The Group Skills report is available for earlyMath and the three CBMmath assessments. This report provides a breakdown of how each student in a class did on each subtest in the earlyMath Composite.

The Group Skills report is organized to show overall class performance on the skills covered in the selected assessment. The above example shows part of a Kindergarten class performance on Numeral Identification. In this class, there were three numerals that less than 80% of the students knew (e.g., 28, 29, 31) This feature is designed to help teachers know what additional whole group instruction would benefit all students. When 80% or more students in a class have mastered a specific skill, it does not need to be taught at the whole class level, but certain students might need small group or individual instruction to master the skill. When fewer than 80% of students in a class have mastered a skill, ongoing whole class instruction of that skill is recommended. The above example also shows which students need additional instruction on some numerals. Students should attain at least 90% accuracy on a numeral to considered it mastered.

Instructional Hierarchy

All FastBridge Learning math progress measures reflect a skills hierarchy such that beginning skills are included at the lower levels and more advanced skills at the higher levels. This is done because certain basic math skills must be mastered in order for students to move on to math proficiency. The skills hierarchy included in FastBridge Learning assessments comes from two main sources: (a) National Council of Teachers of Mathematics (NCTM), and (b) Common Core State Standards (CCSS). The NCTM first published an instructional hierarchy and guidelines for math instruction in 1989. More recently, the CCSS were published by the National Governor’s Association to provide states and school districts with more uniform learning targets at each grade level. There are many similarities between these guidelines, including an emphasis on student mastery of all basic math facts across the four basic operations (i.e., addition, subtraction, multiplication, and division). Importantly, students need to achieve automaticity with math facts so that they can use them while completing other math problems. Such automaticity was identified as a cornerstone skill for later math proficiency in the 2008 National Math Advisory Panel Report (NMAP). Once students have mastered basic facts, they are ready to use these facts to solve other types of math problems, including multi-step and story problems as well as solving for a variable.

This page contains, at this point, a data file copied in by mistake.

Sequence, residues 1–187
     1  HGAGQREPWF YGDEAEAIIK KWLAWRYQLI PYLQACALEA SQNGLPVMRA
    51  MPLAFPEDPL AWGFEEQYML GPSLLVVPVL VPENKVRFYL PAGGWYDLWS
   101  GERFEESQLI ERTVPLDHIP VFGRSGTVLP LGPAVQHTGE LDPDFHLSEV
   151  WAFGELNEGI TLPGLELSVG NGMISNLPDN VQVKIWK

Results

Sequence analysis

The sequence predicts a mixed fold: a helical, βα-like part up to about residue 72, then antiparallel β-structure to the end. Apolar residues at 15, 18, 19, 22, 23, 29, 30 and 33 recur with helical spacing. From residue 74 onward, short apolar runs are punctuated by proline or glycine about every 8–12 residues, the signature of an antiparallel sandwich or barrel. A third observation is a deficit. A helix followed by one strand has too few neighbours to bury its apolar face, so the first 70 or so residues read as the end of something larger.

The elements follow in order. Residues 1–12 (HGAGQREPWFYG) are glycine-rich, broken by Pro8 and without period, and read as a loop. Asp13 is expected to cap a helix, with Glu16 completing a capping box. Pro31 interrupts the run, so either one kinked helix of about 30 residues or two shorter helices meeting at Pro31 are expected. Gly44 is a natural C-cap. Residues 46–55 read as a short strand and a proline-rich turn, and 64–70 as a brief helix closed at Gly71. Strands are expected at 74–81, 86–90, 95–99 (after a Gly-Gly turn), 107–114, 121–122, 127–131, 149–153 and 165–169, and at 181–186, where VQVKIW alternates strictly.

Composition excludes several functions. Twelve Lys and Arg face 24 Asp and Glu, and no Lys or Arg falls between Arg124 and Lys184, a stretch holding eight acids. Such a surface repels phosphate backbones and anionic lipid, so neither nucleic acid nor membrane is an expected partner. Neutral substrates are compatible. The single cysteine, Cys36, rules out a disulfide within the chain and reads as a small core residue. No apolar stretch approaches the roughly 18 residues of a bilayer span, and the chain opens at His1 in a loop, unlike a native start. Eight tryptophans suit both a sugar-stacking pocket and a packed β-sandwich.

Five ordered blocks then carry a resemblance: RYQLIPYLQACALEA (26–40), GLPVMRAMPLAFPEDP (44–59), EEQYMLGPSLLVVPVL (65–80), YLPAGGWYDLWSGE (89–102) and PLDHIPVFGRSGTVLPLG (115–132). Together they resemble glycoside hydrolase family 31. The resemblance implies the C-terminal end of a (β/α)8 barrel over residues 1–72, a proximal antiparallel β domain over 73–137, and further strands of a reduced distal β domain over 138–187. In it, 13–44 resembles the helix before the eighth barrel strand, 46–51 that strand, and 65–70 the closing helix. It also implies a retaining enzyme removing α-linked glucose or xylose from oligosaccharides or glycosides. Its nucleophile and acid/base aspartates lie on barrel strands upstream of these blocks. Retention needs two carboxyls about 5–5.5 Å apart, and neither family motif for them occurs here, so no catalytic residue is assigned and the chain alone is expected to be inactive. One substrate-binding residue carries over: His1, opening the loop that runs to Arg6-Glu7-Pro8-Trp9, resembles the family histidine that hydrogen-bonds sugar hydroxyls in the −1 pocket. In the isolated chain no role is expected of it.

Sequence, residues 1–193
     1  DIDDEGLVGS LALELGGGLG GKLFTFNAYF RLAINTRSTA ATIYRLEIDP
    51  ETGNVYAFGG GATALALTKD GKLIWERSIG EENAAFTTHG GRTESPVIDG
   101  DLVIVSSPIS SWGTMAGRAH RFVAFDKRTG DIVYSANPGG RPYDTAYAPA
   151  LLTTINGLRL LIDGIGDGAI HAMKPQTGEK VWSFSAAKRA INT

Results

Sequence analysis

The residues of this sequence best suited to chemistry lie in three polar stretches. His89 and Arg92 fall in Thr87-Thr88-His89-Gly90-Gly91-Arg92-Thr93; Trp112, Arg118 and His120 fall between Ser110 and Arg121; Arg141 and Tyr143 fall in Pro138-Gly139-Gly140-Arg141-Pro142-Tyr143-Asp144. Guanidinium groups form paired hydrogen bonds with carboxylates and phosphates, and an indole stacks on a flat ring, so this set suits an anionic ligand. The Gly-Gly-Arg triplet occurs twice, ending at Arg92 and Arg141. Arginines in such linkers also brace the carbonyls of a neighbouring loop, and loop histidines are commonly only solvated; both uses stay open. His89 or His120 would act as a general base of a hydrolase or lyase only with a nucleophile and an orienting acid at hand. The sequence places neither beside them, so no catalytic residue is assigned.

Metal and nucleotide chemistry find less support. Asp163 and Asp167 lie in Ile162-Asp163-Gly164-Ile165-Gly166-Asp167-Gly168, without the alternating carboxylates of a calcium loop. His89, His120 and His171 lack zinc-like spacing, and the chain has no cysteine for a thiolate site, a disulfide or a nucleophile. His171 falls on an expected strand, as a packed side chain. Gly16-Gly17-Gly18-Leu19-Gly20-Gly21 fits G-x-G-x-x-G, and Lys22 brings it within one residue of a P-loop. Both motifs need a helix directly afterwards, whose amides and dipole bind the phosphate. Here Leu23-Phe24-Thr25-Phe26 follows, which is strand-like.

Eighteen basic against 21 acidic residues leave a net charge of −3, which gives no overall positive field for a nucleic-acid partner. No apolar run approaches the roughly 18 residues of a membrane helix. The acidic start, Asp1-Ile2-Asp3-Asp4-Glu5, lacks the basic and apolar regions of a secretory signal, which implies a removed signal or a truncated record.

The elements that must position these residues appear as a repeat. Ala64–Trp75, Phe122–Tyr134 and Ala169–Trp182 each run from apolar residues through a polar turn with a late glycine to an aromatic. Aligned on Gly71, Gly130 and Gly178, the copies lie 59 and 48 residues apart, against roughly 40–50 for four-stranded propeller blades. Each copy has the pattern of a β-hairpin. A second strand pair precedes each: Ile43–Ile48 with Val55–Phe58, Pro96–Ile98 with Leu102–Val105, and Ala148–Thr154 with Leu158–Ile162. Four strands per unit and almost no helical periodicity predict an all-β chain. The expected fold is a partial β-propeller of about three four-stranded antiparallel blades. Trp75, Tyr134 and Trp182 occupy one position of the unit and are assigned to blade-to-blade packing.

Matching Skills to Progress Measures

The skill hierarchies reflected in the NCTM and CCSS guidelines, and emphasized in the NMAP, are the basis for how the FastBridge Learning math progress measures are organized. The following table shows the skills and which FastBridge Learning math assessments can be used for progress monitoring in those skills.

Skills Example Measure(s)
Numbers and Operations Use fractions on a number line CBMmath CAP
Counting and Cardinality Count to 100 by 1s and 10s earlyMath Number Sequence
Operations and Algebraic Thinking Addition with objects and pictures CBMmath Automaticity
Number and Operations in Base 10 Place values for 1s, 10s, 100s CBMmath Process
Measurement and Data Measure with standard units CBMmath CAP
Geometry Names of basic shapes CBMmath CAP